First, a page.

While the Fed’s actions have mitigated a corporate credit event at market level for the time being, with seemingly unlimited support for investment grade companies and higher quality recently “fallen angels,” legacy high yield borrowers do not have a Fed back stop and fundamental price discovery should continue. Companies that have over leveraged balance sheets and are burning cash will likely need to be restructured as the Fed has not bailed them out. In fact, we have seen some high-profile Chapter 11 bankruptcies in high yield already, with J-Crew, Gold’s Gym, Frontier Communications, Quorum Health, etc filing for protection following the Fed actions, while JC Penney and Hertz Global are rumoured to be finalising the paperwork as well.

Given the Fed is NOT providing liquidity to high yield borrowers en mass (for the time being), the market will likely price the solvency of these businesses more organically. Whether that’s balance sheet solvency (i.e. capital structure) or cash flow solvency (operating structure aka a broken business). Obviously over the long term, no amount of liquidity will save a broken business, while a broken balance sheet will destroy a lot of capital and replace existing shareholders.

As we know from Japan, keeping zombie firms alive with liquidity is an option, but it creates an enormous dead-weight loss in the economy and we’re not sure the Fed is looking to go down that road. All this of course creates an enormous opportunity for Montaka Global on the short side, while the market seemingly prices in a “V-shaped” recovery for the entire corporate sector, we believe there will be a material amount of capital destruction before we return to levels of activity we had become accustomed to prior to COVID-19.


Amit joined MGIM in April 2018 as a Senior Research Analyst after spending seven years as a credit analyst at Credit Agricole and Citigroup, based in New York. Prior to this, Amit was an investment banker with Citigroup for five years in New York and Sydney, focusing on Media and Telecoms; Metals and Mining; and Consumer Products.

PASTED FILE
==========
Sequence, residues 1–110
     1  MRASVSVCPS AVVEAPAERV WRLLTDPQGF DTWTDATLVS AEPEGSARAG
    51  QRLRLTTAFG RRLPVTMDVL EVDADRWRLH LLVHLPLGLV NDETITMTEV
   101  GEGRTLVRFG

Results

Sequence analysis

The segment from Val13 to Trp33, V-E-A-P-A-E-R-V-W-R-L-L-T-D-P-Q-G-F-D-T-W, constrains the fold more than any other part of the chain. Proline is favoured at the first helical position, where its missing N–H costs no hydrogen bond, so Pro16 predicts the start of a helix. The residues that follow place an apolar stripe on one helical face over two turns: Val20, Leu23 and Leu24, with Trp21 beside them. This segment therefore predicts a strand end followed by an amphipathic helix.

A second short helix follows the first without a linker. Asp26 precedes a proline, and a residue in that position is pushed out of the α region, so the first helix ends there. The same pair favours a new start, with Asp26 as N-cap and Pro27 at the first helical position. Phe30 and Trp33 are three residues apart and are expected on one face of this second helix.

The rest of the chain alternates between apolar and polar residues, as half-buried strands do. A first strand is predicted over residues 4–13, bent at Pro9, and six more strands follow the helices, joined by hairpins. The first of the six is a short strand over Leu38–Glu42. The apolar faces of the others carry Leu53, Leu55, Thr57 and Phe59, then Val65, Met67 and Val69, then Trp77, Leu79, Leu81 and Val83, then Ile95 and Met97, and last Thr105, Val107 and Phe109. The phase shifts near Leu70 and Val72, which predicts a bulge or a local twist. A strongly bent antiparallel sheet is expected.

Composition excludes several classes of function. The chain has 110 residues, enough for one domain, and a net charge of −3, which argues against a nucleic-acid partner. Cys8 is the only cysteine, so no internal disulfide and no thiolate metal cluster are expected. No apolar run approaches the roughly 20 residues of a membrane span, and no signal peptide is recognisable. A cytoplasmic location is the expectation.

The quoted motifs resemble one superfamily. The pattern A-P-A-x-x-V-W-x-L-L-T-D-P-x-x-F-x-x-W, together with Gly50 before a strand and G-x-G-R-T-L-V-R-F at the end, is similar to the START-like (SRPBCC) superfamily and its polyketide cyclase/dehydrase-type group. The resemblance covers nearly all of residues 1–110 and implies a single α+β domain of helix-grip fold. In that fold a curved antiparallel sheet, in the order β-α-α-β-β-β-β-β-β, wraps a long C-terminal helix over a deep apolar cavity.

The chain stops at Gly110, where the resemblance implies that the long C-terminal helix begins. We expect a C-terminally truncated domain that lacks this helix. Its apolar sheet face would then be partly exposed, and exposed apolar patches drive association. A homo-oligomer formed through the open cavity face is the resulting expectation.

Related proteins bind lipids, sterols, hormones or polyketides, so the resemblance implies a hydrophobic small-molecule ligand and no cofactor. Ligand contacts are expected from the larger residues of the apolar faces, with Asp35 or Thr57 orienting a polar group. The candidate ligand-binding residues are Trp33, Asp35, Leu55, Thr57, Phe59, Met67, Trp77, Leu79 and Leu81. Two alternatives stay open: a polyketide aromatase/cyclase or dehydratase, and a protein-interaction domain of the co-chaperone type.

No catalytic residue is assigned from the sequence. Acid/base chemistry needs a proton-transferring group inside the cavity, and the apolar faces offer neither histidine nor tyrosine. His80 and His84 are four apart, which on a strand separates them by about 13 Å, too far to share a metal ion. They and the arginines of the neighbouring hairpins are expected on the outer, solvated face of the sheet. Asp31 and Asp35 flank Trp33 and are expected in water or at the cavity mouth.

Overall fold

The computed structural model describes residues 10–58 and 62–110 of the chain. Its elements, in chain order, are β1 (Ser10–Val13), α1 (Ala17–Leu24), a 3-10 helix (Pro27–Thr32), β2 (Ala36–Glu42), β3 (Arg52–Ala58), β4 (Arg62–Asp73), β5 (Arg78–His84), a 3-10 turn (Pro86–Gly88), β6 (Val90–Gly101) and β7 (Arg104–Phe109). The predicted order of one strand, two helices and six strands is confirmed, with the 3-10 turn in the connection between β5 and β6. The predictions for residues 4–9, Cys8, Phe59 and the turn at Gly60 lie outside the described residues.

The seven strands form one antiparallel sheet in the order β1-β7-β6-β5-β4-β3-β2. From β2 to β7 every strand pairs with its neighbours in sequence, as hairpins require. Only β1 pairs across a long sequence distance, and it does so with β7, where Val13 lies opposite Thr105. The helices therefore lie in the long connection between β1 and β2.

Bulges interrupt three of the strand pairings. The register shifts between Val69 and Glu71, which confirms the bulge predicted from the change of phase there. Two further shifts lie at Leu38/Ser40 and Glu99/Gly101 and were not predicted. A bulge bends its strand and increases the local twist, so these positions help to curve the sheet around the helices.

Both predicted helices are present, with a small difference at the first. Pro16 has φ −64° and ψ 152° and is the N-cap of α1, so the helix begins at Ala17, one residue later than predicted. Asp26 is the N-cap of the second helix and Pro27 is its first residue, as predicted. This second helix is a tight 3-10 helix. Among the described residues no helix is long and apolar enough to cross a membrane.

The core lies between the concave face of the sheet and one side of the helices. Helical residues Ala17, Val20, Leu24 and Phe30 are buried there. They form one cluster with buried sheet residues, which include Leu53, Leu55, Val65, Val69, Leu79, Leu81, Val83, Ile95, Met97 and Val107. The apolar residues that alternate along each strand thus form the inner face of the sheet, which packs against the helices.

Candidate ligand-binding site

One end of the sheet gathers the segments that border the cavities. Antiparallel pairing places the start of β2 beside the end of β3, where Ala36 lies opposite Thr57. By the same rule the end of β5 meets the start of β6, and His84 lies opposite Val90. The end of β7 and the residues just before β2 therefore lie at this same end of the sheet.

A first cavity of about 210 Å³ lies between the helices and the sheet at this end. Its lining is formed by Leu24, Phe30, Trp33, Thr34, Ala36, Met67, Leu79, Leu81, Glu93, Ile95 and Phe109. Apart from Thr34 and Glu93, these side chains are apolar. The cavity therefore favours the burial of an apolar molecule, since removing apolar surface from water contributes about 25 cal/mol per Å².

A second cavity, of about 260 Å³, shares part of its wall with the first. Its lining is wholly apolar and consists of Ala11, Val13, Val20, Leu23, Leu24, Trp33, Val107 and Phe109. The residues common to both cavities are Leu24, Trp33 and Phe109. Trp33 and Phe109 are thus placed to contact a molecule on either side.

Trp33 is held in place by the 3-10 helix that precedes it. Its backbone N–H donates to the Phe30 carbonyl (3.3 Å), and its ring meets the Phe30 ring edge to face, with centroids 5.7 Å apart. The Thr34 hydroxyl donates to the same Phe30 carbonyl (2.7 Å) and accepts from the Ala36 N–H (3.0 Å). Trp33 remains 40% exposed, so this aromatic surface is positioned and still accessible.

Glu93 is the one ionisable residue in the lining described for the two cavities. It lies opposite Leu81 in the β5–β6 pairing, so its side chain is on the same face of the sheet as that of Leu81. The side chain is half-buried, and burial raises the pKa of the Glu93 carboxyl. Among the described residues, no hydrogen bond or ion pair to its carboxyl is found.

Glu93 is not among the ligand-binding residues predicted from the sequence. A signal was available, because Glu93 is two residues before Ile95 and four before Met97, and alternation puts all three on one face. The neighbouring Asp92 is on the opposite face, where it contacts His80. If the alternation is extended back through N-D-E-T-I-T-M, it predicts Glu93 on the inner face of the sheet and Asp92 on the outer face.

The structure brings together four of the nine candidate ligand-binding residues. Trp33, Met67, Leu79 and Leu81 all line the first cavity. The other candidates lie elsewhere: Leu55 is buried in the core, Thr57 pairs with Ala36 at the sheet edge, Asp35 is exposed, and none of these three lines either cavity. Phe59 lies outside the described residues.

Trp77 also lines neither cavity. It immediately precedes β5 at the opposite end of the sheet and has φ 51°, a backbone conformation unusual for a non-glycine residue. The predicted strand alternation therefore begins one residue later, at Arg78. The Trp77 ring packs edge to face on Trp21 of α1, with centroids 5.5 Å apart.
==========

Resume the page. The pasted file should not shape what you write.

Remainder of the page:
This post was contributed by a representative of Montgomery Investment Management Pty Limited (AFSL No. 354564). The principal purpose of this post is to provide factual information and not provide financial product advice. Additionally, the information provided is not intended to provide any recommendation or opinion about any financial product. Any commentary and statements of opinion however may contain general advice only that is prepared without taking into account your personal objectives, financial circumstances or needs. Because of this, before acting on any of the information provided, you should always consider its appropriateness in light of your personal objectives, financial circumstances and needs and should consider seeking independent advice from a financial advisor if necessary before making any decisions. This post specifically excludes personal advice.

Why every investor should read Roger’s book VALUE.ABLE


find out more



  1. “while the market seemingly prices in a “V-shaped” recovery for the entire corporate sector”

    Roger – “Entire corporate sector”?

    Roubini is saying it is 3 segments: health care, communications, and technology

    • Perhaps in the US where the market is being led by companies with relatively low debt – the tech/growth names with good earnings momentum. It could all hang together, provided those limited names leading the market higher can justify their valuations longer-term.

Post your comments